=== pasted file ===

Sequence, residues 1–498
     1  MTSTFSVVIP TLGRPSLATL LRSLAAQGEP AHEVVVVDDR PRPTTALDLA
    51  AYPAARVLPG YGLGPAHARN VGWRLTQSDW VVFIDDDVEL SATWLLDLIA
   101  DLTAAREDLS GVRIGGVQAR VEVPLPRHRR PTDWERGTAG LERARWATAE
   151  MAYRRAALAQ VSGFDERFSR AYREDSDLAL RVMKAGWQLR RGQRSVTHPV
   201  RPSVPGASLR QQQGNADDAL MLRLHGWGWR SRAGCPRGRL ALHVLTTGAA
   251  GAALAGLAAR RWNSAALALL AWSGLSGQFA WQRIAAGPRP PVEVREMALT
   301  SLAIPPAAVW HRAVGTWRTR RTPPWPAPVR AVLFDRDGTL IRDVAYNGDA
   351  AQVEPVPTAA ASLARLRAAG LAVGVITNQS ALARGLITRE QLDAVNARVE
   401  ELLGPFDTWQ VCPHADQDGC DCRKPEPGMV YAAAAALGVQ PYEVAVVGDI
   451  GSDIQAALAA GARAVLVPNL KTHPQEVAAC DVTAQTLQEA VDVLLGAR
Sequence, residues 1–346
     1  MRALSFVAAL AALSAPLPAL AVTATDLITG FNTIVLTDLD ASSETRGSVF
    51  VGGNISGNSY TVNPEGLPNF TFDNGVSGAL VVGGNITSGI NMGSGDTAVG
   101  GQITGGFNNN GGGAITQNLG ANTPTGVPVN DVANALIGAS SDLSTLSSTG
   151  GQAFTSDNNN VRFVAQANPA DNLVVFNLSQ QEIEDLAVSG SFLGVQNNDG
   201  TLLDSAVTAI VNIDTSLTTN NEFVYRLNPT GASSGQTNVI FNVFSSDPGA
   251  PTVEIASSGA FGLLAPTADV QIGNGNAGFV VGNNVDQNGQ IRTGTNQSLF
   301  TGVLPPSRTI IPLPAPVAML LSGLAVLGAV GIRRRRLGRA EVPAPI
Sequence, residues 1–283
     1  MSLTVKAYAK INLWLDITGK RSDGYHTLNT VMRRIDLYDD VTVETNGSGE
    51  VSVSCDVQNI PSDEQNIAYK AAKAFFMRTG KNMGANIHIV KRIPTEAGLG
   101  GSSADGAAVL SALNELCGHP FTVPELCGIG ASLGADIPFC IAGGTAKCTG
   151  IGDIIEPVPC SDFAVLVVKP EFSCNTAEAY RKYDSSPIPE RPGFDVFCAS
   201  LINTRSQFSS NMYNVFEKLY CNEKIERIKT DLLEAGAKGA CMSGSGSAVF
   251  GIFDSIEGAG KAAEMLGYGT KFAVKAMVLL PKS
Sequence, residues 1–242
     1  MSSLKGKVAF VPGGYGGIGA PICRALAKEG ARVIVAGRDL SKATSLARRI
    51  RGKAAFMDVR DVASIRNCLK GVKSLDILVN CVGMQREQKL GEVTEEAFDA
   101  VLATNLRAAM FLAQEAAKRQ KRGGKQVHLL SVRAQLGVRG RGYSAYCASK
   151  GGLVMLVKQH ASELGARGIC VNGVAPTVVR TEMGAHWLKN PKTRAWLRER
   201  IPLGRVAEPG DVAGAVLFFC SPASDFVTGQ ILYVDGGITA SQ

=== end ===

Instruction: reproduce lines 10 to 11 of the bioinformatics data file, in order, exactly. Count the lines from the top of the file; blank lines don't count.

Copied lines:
   401  ELLGPFDTWQ VCPHADQDGC DCRKPEPGMV YAAAAALGVQ PYEVAVVGDI
   451  GSDIQAALAA GARAVLVPNL KTHPQEVAAC DVTAQTLQEA VDVLLGAR